Jordan also employs a method of interpretation he calls “interpretive maximalism.” That is, he will discover a typology, a poetical structure, a pattern of meaning or a symbolic scheme repeated throughout the Bible. Then he will seek to impose that in unusual applications throughout the entire Bible. This is sound in some cases as "Scripture interprets Scripture." But in other cases, I wonder if he alone is seeing this. For instance, he uses the chiastic structure of Genesis 1 to interpret the structure of Daniel 11. I used this portion of his commentary in comparison to my own outworking of the structure of Daniel 11. Again, this has great merit, but many critics have thought Jordan sees things that simply are not intended in the text. I explained in my book that the patterns of thought parallels utilized in Hebrew poetry are indeed useful in understanding the rising and falling episodes off Daniel 11. However, I am concerned that this can often become “forced” and influenced by subjective whims and reading into the text rather than drawing out the intended meaning.
All that being said, I agree with the vast majority of Jordan’s interpretation. Where I disagree, there is little unanimity among scholars. So Jordan’s work is indispensable to those who want a fuller treatment of a preterist view of Daniel – especially in the historical narrative of the book. Hopefully, Handwriting is just the beginning of a larger body of scholarship on the preterist view of Daniel.
If you want a good preterist view on Daniel, see John Calvin FIRST, then go to Jordan if this book is still affordable. Or you can order my soon coming book.
In this commentary on Daniel, the most important thing is that Jordan takes the text seriously. This naturally leads him to take an early date for the book, and means that he has to part ways with the majority of scholars on various points of interpretation.
The most unusual contribution he makes to the study of the book is seeing King Herod at different points. This starts in the vision of the statue in chapter 2. The legs of the statue are iron, while the feet are iron and clay. The iron is traditionally taken to be Rome, which Jordan accepts, but whereas the iron + clay is usually interpreted as the declining Roman empire, Jordan takes it to be the mixture of Romans and Jews who sought to join Rome (p. 182), exemplified in Herod. That is, the iron and clay mixture is the one ruling Palestine in the first century, and so this explanation makes the best sense of Daniel 2:44, "In the time of those kings, the God of heaven will set up a kingdom that will never be destroyed."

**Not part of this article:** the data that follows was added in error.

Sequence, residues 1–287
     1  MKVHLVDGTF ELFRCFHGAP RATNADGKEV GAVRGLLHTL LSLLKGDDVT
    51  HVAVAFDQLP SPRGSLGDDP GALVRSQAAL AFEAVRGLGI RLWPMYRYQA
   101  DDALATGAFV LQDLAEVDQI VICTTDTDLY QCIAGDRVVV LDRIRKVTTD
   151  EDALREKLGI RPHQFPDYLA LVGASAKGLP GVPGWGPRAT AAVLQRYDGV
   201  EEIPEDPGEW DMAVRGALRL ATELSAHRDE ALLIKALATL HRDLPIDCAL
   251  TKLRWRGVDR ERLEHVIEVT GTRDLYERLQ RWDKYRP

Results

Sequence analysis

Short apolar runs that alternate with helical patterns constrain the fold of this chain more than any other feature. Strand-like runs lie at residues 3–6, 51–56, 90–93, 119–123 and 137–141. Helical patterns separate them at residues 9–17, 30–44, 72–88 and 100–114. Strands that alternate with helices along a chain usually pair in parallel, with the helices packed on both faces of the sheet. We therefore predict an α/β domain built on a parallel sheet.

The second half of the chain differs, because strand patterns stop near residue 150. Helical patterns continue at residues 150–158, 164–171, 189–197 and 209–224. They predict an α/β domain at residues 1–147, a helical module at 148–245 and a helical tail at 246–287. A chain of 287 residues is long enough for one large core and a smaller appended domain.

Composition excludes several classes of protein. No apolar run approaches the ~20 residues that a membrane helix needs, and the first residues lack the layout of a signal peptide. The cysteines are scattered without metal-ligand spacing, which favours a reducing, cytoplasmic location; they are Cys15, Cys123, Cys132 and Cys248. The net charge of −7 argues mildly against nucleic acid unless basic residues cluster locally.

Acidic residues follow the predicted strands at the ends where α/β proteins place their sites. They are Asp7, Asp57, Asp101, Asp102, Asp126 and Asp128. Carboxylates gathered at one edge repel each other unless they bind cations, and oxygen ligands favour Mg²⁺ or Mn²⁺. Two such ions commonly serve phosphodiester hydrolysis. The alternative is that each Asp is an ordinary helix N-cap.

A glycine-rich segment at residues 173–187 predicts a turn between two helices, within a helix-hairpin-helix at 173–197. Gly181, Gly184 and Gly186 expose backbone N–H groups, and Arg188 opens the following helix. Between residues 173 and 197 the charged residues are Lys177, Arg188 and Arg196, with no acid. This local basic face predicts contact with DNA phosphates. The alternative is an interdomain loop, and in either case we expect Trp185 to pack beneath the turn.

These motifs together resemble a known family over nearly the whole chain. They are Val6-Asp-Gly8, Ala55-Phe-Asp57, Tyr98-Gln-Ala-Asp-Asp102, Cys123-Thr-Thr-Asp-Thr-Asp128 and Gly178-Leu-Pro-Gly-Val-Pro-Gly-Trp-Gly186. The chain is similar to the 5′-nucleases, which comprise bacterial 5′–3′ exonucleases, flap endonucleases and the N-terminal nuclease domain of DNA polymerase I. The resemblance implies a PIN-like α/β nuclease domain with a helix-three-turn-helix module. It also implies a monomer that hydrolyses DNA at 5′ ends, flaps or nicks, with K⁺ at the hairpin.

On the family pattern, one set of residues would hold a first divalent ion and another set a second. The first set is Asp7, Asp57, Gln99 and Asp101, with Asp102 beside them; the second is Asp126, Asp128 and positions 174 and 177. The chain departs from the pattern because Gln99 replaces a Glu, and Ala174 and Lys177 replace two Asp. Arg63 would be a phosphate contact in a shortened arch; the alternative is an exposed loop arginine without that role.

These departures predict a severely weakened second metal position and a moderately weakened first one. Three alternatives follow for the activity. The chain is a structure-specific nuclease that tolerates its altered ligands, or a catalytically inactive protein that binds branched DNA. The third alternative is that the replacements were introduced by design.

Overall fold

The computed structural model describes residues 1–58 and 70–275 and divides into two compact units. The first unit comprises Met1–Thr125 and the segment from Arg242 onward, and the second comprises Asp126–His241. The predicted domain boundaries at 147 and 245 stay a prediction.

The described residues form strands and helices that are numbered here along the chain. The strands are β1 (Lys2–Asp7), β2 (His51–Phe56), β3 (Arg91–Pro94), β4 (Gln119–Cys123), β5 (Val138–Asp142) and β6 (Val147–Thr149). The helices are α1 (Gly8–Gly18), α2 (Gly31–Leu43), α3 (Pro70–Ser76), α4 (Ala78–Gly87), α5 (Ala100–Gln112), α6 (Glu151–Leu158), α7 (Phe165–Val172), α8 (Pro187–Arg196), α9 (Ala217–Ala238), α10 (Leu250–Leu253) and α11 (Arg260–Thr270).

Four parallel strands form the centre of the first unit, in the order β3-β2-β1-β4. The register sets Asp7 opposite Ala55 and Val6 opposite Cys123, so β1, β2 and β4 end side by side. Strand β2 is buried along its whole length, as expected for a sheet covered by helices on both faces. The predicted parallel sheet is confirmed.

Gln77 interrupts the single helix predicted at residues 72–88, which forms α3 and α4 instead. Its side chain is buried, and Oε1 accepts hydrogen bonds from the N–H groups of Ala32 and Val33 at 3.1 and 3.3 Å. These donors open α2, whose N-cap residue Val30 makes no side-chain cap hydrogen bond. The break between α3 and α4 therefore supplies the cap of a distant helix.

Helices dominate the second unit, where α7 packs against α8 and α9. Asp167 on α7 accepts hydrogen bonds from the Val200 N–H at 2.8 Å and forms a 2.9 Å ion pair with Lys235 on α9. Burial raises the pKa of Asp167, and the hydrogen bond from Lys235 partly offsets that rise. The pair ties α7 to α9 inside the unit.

Jordan tends to see Herod everywhere in the Book of Daniel - the little horn in chapter 7, the horn in chapter 8 and the king in Daniel 11:36-45. I disagree with the first two identifications, but at this point in time I agree with Jordan's interpretation of Daniel 11.
The book contains some interesting appendices, one comparing Joseph and Daniel, and another suggesting that the words Jesus wrote in John 8:6 are the words "mene, mene, tekel, parsin" from Daniel 5:25.
In many places Jordan brought out ideas that others had not. (I say this carefully knowing that "new" things can be dangerous in theological discussions.) The ideas presented were not novelties, but things that were generally overlooked by other commentators.
In this work, Jordan does a lot with numbers. This may or may not be helpful to folks. I was not, personally, benefitted greatly by them. And, in fact, sometimes thought it "a bit much." However, the places he does this can be easily skipped (usually).
All-in-all, I highly recommend this work for a deepened understanding of Daniel.